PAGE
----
When my ace Thomas came in town this past summer, we did as we often do when he comes: linked up at Bar Takito, one of my favorite West Loop haunts, with a group of homies. It was a beautiful evening to be on an outdoor patio – mad shit was talked as the overpriced margaritas flowed and the chips and guac were reduced to crumbs.
Things were glorious but for so long. As we closed the spot down, someone suggested that we bust a move to my own c-word: the club…a spot called Reverie in the River North neighborhood. A member of our group knew someone celebrating their birthday party there, which was, in theory, supposed to get us in with no wait.
In large part because I’m in my late-30s, I was totally okay with calling it a night before I had the presence of mind to sprinkle water on my balls and get dressed to even show up at the first gathering place. So, given that it was around midnight and I’d already been drinking, I was a pubic hair away from giving all these niggas the Irish goodbye after Bar Takito and having everyone wondering what happened to Dustin for the first half-hour at Reverie. But I agreed to be a team player. Plus, I had to drive my guy Ish from the bar to the club.
Since we had to find parking, Ish and I got to the spot a bit later than the rest of our party, who were already in the club when we arrived. Despite a tiny dude in a Macy’s boy’s department suit vest rolling out to adorn the two of us with yellow “VIP” armbands ostensibly ensuring we’d get in ahead of everyone else waiting, we still had to post up outside the door and wait with everyone else. Cue the power-hungry meathead white-boy bouncer who probably flunked out of police academy relishing in the only authority he’ll probably ever have, talking shit as he made sure we KEEP THE DAMN SIDEWALK CLEAR!!!!!
I soon realized I was quite likely the oldest person waiting to get in this club. I was surrounded by people who were still zygotes when In Living Color first hit the air. The fine young ladies in their tight, short skirts became less-fine to me when I realized they probably couldn’t rent us a car from Enterprise if we wanted to take a road trip somewhere. Meanwhile, Short Round with the yellow wristbands popped out for the 4,128th time to promise he would get us in soon. As the minutes of the evening continued to elapse, so did the reservoir of fucks I had to give about the whole affair continue to deplete.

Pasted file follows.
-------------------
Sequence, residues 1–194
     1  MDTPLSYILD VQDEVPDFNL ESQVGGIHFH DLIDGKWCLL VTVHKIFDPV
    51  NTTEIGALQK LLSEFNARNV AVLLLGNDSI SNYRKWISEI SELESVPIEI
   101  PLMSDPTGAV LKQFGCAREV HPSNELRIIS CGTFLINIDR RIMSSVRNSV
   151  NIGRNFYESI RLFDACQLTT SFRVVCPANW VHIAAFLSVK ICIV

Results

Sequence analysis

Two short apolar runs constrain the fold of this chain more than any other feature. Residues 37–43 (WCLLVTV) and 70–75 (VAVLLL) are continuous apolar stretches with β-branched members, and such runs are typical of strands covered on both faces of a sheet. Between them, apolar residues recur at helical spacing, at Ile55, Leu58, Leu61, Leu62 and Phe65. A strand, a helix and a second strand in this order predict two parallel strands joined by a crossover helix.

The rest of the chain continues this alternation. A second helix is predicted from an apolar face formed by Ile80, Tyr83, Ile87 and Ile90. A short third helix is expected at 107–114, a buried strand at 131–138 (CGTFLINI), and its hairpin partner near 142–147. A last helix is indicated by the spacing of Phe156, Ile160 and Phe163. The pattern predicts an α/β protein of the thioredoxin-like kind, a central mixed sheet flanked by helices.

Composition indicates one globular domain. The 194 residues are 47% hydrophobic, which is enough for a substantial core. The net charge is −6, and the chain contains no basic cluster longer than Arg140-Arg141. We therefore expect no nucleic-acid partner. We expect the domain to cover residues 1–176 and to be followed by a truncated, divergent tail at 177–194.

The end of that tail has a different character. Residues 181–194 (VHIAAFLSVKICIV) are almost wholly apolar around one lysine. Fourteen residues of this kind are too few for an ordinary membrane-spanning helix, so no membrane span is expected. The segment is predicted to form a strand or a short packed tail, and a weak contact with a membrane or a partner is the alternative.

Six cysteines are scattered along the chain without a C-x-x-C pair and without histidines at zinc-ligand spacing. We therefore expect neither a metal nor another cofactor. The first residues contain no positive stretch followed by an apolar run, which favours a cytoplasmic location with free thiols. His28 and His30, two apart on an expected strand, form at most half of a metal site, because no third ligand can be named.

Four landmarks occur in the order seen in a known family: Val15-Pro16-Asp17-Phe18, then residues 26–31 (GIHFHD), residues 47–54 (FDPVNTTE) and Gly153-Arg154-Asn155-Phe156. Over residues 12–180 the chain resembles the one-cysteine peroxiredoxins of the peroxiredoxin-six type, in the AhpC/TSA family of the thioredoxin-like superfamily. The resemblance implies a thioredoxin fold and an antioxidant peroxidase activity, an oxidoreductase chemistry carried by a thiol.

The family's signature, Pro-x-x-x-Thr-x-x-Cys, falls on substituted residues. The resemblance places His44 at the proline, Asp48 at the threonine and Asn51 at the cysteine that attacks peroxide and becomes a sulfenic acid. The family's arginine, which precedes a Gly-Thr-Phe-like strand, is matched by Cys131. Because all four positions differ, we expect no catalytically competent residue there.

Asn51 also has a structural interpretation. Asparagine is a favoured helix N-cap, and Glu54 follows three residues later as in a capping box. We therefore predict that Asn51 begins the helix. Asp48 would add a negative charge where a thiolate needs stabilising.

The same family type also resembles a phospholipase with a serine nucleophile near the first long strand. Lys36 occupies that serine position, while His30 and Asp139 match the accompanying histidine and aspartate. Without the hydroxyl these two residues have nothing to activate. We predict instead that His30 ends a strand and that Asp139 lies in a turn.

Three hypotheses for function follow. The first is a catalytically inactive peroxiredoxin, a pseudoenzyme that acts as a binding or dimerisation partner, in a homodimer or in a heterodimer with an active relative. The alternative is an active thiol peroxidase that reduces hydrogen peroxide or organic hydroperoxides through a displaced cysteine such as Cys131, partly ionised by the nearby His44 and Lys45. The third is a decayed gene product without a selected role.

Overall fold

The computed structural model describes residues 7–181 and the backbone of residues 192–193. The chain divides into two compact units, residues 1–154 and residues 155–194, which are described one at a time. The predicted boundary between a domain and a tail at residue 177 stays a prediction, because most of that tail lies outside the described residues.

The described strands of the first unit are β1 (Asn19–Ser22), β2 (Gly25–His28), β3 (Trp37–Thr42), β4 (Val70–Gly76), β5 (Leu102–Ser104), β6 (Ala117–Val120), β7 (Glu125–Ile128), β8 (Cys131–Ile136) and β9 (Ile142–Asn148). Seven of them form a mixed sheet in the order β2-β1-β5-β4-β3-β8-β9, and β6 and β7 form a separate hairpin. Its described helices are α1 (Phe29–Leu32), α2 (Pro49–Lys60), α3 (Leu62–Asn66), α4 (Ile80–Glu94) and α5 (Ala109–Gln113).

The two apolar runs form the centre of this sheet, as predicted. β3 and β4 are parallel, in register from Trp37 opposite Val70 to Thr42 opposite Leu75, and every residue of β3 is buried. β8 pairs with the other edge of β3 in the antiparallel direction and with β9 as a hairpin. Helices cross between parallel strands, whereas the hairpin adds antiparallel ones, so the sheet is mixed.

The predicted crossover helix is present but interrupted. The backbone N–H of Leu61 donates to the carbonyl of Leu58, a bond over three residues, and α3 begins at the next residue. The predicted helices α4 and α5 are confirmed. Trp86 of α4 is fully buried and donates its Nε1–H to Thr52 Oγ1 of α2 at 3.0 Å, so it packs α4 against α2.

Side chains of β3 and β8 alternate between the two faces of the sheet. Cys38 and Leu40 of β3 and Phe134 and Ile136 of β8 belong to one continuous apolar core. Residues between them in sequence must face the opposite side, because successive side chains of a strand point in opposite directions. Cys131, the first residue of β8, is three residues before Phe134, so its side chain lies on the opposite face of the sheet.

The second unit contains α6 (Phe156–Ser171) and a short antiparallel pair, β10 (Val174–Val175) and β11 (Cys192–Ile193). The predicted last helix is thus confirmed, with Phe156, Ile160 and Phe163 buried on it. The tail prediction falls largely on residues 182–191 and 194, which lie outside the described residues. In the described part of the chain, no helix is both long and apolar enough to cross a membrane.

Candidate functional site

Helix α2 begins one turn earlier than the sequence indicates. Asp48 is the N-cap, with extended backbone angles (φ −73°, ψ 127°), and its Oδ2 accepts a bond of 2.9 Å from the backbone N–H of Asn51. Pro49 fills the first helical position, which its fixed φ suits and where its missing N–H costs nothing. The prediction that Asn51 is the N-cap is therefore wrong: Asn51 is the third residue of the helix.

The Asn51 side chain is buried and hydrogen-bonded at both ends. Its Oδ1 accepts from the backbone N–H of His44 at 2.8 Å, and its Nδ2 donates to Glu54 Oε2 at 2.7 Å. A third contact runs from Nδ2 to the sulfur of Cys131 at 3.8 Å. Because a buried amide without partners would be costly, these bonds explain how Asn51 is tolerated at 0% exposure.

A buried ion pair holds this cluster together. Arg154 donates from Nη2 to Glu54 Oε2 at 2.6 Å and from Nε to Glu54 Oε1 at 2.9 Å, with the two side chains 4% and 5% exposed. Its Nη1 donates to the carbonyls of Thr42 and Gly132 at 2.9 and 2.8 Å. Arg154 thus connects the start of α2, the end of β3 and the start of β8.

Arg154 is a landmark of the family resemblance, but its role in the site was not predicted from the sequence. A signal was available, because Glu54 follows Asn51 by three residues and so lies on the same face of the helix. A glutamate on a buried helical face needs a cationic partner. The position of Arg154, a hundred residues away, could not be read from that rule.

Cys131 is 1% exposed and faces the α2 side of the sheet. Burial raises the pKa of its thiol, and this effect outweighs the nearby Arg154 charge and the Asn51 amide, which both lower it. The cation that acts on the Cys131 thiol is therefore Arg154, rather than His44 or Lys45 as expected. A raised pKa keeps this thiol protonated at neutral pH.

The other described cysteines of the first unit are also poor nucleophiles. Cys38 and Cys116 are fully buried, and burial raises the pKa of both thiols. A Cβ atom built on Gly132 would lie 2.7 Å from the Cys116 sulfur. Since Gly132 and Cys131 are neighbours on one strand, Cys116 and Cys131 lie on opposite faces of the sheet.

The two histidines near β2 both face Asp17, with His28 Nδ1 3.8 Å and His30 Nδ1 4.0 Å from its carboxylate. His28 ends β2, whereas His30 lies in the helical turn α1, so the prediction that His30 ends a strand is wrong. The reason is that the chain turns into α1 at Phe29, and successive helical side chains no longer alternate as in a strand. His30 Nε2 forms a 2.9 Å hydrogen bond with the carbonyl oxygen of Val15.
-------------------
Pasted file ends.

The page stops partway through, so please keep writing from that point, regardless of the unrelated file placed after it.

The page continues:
As Thomas waited near the front to usher us all in, I set my phone’s timer to tick down five minutes – if I wasn’t in by then, I was out. When that shit hit 0:00, I skipped back to my car like Michael Jackson in The Wiz. I mean, I tried, and things just didn’t work out. The drool puddles on my pillow that evening were especially viscous.
That evening perfectly personifies my club experience these days: social compromise bordering on captivity when someone I care about really wants to go to the club and I get downvoted like a YouTube video. For manifold reasons, it’s not an experience I ever look forward to, and I almost always protest.
Just walking up to the club reminds me of going to the Department of Motor Vehicles: I usually have to wait in a line to get in a place I’d rather not be at anyway. Here in the Midwest, club lines are loaded with people sacrificing their comfort for style at least seven months out the year – arms are tightly folded and lips turn purple as folks engage in that synchronous back-and-forth rock because they’d all rather leave their coats in the car instead of having to worry about the shit show that is the coat check closet at the end of the evening. I don’t even want to imagine what it’s like for women to have that bitter-ass wind sweeping through their undercarriage.